American Airlines has recently made a subtle yet notable tweak to its iOS and Android apps that might not sit well with some frequent flyers. The airline’s mobile applications have often been critiqued for their outdated design and functionality, trailing behind competitors like United. Some sections of the app don’t operate as native mobile components but instead function as a wrapped version of AA’s mobile website, resulting in a sluggish and somewhat unrefined user experience. It’s like hopping in a time machine back to 2011. At least AA has had bag tracking in-app much longer than some of its competitors.
One feature that stood out and received positive feedback was the “Wallet” section nestled within the app. This section provided users with a comprehensive view of their credits and rewards associated with American Airlines. From flight credits to trip credits and even preferred seat coupons, the Wallet feature offered a convenient snapshot of one’s accumulated perks. However, it appears that this functionality has quietly disappeared from the app’s interface.
But hold on—don’t hit the panic button just yet. While the Wallet feature seems to have been removed, the information it housed hasn’t vanished into thin air. Instead, it’s been relocated within the app. Users can now find this data starting from the familiar page displaying AAdvantage membership information (tap your name & award mile balance from the home screen to get here). There, a couple of new buttons have emerged: “Travel Credit” for flight and trip credits and “Rewards” for various perks like preferred seat coupons, although these might not hold much value for AAdvantage elite members, who are already entitled to complimentary preferred seating at the time of booking.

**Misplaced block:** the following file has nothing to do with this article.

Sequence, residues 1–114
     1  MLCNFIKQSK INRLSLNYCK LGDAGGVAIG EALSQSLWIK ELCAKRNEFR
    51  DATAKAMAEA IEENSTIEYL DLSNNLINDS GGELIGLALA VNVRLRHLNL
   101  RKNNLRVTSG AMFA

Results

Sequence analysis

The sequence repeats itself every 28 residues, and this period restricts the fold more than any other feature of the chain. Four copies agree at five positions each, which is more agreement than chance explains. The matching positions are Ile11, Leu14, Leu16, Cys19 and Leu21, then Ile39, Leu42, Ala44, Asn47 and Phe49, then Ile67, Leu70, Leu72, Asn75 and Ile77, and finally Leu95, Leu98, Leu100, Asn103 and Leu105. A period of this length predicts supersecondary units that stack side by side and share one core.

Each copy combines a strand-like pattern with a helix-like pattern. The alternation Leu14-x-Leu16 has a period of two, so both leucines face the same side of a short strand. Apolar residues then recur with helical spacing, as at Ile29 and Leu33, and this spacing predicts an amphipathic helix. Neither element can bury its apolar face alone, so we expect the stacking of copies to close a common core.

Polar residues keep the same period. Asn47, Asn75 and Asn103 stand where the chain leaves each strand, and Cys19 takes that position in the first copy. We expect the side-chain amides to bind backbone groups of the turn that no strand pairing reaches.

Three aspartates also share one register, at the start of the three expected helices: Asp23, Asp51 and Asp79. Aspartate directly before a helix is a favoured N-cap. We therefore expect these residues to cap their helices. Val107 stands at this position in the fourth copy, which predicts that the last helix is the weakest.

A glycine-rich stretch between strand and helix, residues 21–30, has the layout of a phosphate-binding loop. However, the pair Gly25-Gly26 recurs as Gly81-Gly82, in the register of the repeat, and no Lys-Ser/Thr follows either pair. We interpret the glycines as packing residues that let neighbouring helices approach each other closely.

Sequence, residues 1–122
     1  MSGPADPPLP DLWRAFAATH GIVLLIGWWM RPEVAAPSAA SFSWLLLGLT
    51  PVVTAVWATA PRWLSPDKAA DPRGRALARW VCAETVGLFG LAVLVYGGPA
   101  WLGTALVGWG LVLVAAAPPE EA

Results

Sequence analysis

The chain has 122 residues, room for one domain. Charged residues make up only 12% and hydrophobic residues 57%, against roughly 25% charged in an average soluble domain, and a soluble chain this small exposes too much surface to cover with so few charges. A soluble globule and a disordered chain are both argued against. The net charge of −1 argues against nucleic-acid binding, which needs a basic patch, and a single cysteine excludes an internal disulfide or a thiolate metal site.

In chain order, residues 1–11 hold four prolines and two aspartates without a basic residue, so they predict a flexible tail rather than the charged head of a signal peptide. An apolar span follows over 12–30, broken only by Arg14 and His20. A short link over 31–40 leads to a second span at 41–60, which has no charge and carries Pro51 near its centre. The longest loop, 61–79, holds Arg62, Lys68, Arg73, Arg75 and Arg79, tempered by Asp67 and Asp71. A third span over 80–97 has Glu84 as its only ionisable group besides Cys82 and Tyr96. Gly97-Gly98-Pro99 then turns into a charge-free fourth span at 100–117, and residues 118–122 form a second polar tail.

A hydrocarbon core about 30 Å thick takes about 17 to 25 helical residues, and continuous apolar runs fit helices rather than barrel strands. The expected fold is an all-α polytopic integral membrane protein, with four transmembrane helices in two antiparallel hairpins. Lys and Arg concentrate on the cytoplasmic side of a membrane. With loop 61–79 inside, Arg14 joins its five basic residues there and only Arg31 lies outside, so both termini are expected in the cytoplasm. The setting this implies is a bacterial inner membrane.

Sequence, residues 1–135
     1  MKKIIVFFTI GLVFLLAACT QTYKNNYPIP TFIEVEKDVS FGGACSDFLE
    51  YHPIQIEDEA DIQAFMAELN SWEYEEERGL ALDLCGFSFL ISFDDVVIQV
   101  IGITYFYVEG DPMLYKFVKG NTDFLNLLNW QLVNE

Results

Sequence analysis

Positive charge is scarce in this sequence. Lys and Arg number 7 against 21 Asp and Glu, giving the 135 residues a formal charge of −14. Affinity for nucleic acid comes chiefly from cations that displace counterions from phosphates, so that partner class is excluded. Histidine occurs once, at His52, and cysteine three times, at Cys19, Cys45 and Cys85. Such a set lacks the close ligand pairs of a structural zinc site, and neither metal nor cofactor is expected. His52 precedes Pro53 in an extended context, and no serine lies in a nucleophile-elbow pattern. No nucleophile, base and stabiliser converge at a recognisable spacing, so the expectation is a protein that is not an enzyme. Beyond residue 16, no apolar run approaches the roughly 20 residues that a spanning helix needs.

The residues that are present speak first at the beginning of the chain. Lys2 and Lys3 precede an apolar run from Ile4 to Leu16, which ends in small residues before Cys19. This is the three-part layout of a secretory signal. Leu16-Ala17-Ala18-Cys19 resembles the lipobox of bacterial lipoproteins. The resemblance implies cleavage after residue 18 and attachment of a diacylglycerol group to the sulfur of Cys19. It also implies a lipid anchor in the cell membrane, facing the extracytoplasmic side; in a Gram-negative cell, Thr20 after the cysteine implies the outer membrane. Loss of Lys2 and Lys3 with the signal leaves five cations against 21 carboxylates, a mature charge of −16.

For many of us, this might not be a significant inconvenience. Truth be told, most people aren’t necessarily seeking this specific information simultaneously. While seasoned flyers might find the change irksome, the adjustment could actually make it easier for those who don’t navigate the skies as frequently to understand the layout of the app. As a frequent user of the app, I know my way around its quirky layout, and can find everything I need pretty quickly. However, I’ve watched friends and relatives struggle to understand how to use the app’s more advanced functionalities, like finding flight credits or seeing a running transcript of AAdvantage activity.
Ultimately, this isn’t a big deal for most of us. I’d love to see American one day overhaul their app and follow United’s lead into creating something that’s (dare I say) enjoyable to use. While new CEO Robert Isom is doing a great job improving the airline’s performance and customer service, a better app could free up phone agents to focus on tackling complex situations and not spend as much time helping with routine requests.